So the start of the 2008 holiday shopping season seems as good a time as any to examine where the mobile retailing market is headed.
While the mobile web has received quite a bit of attention over the last year, and will continue to be on the forefront for the foreseeable future, not many people use their mobile phones for ecommerce.
My client Mark Watson, CEO of Volantis, recently pointed out to me that people use their handsets for communicating and social networking, but you don’t often see people shopping on eBay through their mobile phones. That makes sense as eBay is more of a browsing environment and people tend not to browse on their on the small handheld screens.
The handsets are, however, making inroads in the retail sector. Volantis, for one, operates Ubik.com, which enables any business to create a mobile website. That means even the local bookstore or coffee shop can have a site that works on your little LG flip phone as well as on that sleek new iPhone you asked Santa to bring this year.
Mobile Monday was filled with players looking to take retailing and retail advertising to the mobile phone.
Drync, which has its primary purpose as helping people use their mobile device to remember and research wines, has an added benefit of allowing people to purchase wines right then and there. So if you think about a person who is out and tries a wine, they can find out more information then order a few bottles delivered to their home before ever leaving the restaurant.
Ordering products through the mobile phone is great, but imagine getting the same information in the store as you do online. It’s one thing to walk into the Home Depot and pick up a cordless drill. It’s quite another to pick up that drill and then be able to see customer reviews.
Mobegic is working with retailers to help them match their mobile sites with the depth of their fixed Internet sites. The idea is to make it so people can access the same information on their mobile phones as they have at their computer screens. In the store people have more information to use to shop while other shoppers can make purchases even when they are neither in the store nor at their computers. This starts to blend the world of online and offline commerce in a way that has never been possible.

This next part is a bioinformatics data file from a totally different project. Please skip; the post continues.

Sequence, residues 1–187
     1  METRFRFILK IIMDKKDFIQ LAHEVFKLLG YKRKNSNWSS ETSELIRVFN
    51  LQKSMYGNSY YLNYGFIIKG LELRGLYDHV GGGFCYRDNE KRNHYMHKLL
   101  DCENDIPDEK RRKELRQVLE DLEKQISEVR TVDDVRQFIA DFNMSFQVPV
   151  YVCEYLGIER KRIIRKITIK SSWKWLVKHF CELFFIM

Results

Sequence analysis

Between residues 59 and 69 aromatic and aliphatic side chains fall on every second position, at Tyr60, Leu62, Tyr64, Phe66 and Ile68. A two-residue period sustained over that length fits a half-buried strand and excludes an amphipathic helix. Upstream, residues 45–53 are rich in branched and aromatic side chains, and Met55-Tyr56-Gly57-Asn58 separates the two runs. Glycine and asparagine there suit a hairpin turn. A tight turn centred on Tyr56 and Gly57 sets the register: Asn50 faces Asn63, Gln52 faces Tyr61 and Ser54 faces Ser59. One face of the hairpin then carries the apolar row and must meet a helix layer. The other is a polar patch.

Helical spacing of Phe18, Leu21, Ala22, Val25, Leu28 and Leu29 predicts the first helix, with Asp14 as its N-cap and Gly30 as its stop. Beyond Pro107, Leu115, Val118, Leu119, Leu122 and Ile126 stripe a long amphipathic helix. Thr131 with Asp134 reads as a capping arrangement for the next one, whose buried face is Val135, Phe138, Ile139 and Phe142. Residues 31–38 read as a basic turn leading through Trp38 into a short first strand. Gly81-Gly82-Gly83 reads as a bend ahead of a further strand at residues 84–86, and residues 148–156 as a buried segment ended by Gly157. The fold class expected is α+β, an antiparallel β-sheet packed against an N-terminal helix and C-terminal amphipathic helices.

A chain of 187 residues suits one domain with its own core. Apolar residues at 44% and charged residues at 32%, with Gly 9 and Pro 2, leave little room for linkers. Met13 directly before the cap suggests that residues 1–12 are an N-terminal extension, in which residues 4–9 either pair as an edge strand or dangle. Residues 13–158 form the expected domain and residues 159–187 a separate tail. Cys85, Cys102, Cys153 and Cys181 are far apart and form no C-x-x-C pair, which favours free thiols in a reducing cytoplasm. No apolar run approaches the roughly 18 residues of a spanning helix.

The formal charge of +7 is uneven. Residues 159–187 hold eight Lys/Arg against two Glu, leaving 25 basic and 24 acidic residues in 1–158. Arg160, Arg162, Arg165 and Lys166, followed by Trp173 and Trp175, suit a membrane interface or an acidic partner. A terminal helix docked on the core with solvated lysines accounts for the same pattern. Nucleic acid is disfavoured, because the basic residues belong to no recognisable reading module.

A major advantage of shopping online is the ability to quickly and easily comparison shop. If you think back to the days before the online world we would comparison shop by going from store to store. That worked for expensive items like cameras, cars and furniture, but when it came to smaller items we usually just followed our instinct. Now we can comparison shop for everything, even a gallon of gas.
But what happens if you come across an item in a store and just don’t know if this is a good price? Pongr answers that problem by letting you take a picture of the item and then search for it based on image recognition. Not only can you find the best prices but you can also look for more information on that particular product.
In many ways all of these companies are aimed at the same goal: leveling the retail playing field. They put information into the hands of consumers and let them make the choice as to where, when and how to buy.
What the consumers and retailers do with this new-found freedom and power is what we should be watching for with the next holiday season.
, Mobile Mondays
Posted by Chuck Tanowitz on December 2, 2008 at 1:31 PM